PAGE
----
One of the hot topics this spring was Nebraska coach Scott Frost’s desire for morning practices. At Central Florida, Frost would have his team practice hard during the season on Monday, Tuesday and Wednesday mornings. By the time players walked off the field at 11 a.m. on Wednesday, "the hay is in the barn and the work is done."
He also saw plenty of advantages of practicing in the morning.
"That really helps us recover, prepare, and then re-energize the guys so that we're fresh and ready for football games,” Frost said.
One program that Frost shares an affinity for morning practices with is the Iowa Hawkeyes. Head coach Kirk Ferentz was asked about his program practicing in the morning during Big Ten Media Days in Chicago last week, They started morning preactices in 2015 and haven’t looked back.
"After we went through that first year we wondered why we didn’t it a long time ago," Ferentz said. "There were a lot of it is academic conflicts. With public universities, budget changes, night classes and things like that they create class conflicts which are a real problem. Our players love it though and the coaches love it. It’s all been good for us."
The staffs at Iowa and Nebraska have a mutual respect for one another. There are a lot of ties between the programs, most notably that Nebraska defensive coordinator Erik Chinander is from the state of Iowa and played college football for the Hawkeyes.
Because of that connection, current Iowa offensive coordinator Brian Ferentz took a trip out to Oregon to pick Chinander’s brain about the benefits of morning practices when Iowa made the change in 2015.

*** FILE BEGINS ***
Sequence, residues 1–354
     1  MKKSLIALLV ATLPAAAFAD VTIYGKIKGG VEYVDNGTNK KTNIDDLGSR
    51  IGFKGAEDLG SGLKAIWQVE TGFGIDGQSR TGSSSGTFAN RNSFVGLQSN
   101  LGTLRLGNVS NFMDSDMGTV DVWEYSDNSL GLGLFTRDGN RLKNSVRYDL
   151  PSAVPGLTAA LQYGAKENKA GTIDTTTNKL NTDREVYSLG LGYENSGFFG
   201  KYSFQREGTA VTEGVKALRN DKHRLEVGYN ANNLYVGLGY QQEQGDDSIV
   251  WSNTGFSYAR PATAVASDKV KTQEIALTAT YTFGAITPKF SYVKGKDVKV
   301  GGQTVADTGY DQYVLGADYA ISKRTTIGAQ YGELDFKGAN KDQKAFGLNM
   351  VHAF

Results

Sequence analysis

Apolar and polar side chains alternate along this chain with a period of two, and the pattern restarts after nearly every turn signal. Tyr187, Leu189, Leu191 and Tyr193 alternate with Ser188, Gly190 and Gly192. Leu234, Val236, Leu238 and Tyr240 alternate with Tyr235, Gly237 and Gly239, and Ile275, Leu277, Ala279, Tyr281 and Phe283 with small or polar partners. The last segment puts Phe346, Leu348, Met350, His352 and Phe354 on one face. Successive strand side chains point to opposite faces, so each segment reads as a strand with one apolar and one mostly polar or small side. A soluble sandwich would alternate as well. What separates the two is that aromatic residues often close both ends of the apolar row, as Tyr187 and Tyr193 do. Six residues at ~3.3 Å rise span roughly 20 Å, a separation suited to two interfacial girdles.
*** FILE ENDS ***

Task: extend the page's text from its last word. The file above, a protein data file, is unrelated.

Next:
Kirk Ferentz also said at Big Ten Media Days that his staff discussed the move to morning practices quite a bit before they actually decided to go forward with it. Once they made the shift, they found a lot of added benefits to getting the work done early.
“One of the biggest benefits I’ve found is that we talk about flipping the page after Sunday. It’s our 24-hour rule," Ferentz said. "When you practice Monday morning, you have to get moving. It took all the guess work out. One other thing is by Tuesday morning, we’ve had two practices. In the old days, we’d go to our first team meeting at 3 p.m. on Tuesday. Now we’ve already got two practices in the bag. We can get information to our players quicker. We feel it fits us.”
Ferentz says that the Hawkeyes on are on the field somewhere between 8 a.m. and 8:30 a.m. on practice days. He was against starting too early, though. There's a reason for that.
“I go back to when I coached at Maine 100 years ago," Ferentz said. "New Hampshire used to go out in the morning and I think they were on the field at 5:30. People live in the woods up there in New England. They are big on that stuff. When I lived in Maine, everyone was up at 5 a.m. and in bed at 8 p.m. I said we aren’t doing that stuff. We aren’t in that realm but we are up and moving early enough.”
Nebraska begins fall camp on Friday, August 3. Practice is expected to start around 8:45 a.m.
Greg is the Recruiting Analyst for Hail Varsity and has covered Husker athletics since 2013. He has always had a passion for sports while growing up in the Chicago area. As he got older and had to hang up his cleats and sneakers, he realized his passion for sports went beyond just watching and attending games. He has covered many events from the Rose Bowl to championship boxing matches. If he’s not talking sports, he’s hovering over his grill. He is married to an amazing woman, Kim, and they have a dog that barks when Greg yells at the TV during games.